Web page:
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The Language of Jesus, Why It Matters

First Published JCF Newsletter June 2014

By Gary Alley

Pope Francis recently traveled to Jordan, Israel, and the Palestinian Territories (May 24-26th).  Jerusalem, in particular, came to a standstill during his pilgrimage.  The papal visit was intensely watched around the world, especially by the media, for any sign of his political leanings regarding the Israeli-Palestinian conflict.  During one public exchange between the Pope and Israeli Prime Minister Benyamin “Bibi” Netanyahu, Bibi shared how Jesus had lived here in the land and had spoken Hebrew.  Francis quickly replied with a smile, “Aramaic.”  Bibi responded, yes, Jesus spoke Aramaic but Hebrew as well.  Video here.

The internet quickly exploded about what language Jesus really spoke.  The vast majority proclaimed Bibi wrong, declaring Jesus an Aramaic speaker, though possibly knowing some Hebrew for synagogue use.  JCF’s Randall Buth responded to the Jesus language debate in the Israeli newspaper Haaretz, saying that Jesus, a Jewish sage living in the Land, would have spoken Hebrew just as much as he would have Aramaic.  After summarizing the linguistic data that points to the Galilee and Judea as a multilingual land (with Hebrew, Aramaic, and Greek usage) in the time of Jesus, Randall ended with reasons why some have defended an Aramaic-only bias for so long.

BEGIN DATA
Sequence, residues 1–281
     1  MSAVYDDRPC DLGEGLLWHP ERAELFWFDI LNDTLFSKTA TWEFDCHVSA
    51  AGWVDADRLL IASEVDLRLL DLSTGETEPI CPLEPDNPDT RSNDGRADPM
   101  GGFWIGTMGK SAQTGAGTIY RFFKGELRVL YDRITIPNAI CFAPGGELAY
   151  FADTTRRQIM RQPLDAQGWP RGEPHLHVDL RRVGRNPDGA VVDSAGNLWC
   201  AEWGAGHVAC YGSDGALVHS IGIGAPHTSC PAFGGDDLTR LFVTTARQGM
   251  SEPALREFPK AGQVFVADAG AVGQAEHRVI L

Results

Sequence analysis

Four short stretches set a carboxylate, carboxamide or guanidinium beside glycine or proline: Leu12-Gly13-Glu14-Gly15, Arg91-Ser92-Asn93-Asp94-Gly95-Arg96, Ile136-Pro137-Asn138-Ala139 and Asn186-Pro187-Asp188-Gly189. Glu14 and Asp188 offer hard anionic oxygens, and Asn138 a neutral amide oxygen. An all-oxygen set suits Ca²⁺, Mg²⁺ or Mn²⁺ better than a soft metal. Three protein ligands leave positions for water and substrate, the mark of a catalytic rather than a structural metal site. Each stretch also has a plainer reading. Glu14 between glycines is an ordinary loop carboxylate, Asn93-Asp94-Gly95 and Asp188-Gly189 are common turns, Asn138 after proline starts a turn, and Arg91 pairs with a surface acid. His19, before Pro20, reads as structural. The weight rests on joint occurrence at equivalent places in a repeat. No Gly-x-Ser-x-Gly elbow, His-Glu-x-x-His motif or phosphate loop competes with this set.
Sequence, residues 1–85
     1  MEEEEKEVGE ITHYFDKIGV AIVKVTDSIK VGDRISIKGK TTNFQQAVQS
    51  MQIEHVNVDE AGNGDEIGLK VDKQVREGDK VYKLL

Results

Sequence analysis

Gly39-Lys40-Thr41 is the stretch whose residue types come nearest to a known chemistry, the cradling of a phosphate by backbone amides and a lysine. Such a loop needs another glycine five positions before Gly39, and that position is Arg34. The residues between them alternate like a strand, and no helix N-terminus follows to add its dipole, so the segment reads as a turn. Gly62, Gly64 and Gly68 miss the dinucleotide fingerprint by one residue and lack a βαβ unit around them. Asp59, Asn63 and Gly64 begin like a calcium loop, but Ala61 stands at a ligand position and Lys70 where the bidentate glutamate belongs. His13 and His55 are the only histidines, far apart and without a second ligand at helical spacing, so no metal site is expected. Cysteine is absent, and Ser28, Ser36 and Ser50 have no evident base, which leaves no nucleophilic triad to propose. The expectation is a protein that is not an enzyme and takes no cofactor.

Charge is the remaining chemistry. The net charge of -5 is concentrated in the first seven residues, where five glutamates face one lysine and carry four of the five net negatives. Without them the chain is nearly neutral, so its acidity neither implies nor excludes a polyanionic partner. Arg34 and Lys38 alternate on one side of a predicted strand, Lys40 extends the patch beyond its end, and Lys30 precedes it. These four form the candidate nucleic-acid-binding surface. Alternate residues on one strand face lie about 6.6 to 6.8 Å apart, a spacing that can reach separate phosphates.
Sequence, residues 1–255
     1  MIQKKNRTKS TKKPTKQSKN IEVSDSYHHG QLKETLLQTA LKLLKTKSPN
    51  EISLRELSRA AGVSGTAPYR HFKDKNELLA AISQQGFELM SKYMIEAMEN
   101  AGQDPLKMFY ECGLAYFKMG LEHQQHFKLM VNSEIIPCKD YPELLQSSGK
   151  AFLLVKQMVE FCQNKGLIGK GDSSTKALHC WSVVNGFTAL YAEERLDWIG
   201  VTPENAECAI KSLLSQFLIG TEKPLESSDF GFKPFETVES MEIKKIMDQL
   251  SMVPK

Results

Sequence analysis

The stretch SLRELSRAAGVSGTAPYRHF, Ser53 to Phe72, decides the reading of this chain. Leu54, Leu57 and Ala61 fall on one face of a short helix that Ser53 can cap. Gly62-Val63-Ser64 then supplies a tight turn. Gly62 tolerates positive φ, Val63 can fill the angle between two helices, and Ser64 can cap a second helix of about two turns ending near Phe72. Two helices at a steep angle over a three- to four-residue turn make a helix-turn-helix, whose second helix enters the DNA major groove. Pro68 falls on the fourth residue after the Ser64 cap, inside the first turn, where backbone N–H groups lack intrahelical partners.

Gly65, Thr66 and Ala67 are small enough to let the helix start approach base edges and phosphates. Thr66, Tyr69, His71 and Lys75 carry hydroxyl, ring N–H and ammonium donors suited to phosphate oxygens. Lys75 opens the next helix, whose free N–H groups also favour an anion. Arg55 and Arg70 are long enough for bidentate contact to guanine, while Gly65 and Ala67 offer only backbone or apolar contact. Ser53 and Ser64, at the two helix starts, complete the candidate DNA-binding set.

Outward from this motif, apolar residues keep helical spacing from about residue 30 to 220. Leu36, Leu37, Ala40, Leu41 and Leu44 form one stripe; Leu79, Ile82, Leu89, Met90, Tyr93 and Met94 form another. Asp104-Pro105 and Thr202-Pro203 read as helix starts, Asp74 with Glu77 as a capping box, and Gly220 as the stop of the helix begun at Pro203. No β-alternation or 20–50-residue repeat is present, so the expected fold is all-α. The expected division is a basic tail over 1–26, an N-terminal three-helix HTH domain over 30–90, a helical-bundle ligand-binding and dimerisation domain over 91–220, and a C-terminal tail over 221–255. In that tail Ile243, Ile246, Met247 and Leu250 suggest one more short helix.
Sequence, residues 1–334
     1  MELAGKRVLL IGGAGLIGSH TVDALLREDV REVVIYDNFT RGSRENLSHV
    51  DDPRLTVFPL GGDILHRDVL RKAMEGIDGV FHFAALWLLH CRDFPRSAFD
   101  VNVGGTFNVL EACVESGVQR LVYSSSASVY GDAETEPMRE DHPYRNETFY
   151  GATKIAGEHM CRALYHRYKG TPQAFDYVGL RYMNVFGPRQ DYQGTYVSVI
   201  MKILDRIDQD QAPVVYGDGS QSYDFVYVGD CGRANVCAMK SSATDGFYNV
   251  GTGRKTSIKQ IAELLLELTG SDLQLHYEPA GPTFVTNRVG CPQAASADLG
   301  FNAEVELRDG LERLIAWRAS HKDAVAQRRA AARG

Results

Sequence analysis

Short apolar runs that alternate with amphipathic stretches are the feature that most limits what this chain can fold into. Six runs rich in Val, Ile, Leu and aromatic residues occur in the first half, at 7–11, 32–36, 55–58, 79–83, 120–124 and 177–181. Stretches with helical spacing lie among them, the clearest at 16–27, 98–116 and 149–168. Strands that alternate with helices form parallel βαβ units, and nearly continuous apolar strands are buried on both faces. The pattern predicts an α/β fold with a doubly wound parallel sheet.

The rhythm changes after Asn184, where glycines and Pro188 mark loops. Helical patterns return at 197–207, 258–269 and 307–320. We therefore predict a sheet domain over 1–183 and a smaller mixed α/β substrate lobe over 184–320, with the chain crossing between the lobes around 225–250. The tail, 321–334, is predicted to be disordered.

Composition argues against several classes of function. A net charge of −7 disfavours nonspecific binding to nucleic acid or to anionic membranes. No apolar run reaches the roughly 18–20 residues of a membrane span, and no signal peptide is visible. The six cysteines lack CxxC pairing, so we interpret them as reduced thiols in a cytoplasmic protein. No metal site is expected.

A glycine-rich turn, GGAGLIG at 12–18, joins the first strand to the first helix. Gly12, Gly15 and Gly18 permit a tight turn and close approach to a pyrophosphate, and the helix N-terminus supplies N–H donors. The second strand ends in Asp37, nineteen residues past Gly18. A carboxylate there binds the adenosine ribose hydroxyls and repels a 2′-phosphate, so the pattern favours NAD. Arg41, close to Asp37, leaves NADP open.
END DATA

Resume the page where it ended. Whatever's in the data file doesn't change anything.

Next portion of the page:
“Why is there such an emphasis on an Aramaic-only Jesus? What is the sub-text that unifies many of those who suggest that Jesus taught in Aramaic? If Jewish teachers tended to use Hebrew in the first century, then a Jesus that teaches in Aramaic can be portrayed as “non-Jewish” or “less-Jewish.” Some will be comfortable with that. Historically, many Christians have wanted to emphasize a universal (and non-Jewish) orientation for the Church and an Aramaic-teaching Jesus fit that role model. Ironically, the same motive might have been comforting within a Jewish context: Jesus is not one of “our Jewish teachers” and incidentally, he did not even teach in our language. Both sides could miss the real Jesus.”

Throughout history, at times, many of us followers of Jesus may have missed the real Jesus, when we paint him with our own agendas and assumptions.  Misunderstanding and twisting Jesus' ethnic identity has even produced deadly results.[1]  To truly know Jesus, we should also know his people and their culture, and of course, that includes their languages.


[1] One need only look back in the 20th century to Adolf Hitler, who supported the Deutsche Christen church, a group of Nazi Protestants, which rejected the Hebrew origins of the Gospel and stated that Jesus was an Aryan and that later, Paul as a Jew, had twisted Jesus’ message.  In October 1941, when Hitler made the decision to begin exterminating the Jews, he repeated this false historical assumption of Jesus and the early church.  For more see Susannah Heschel’s The Aryan Jesus: Christian Theologians and the Bible in Nazi Germany, Princeton University Press, 2008. pp 1-10.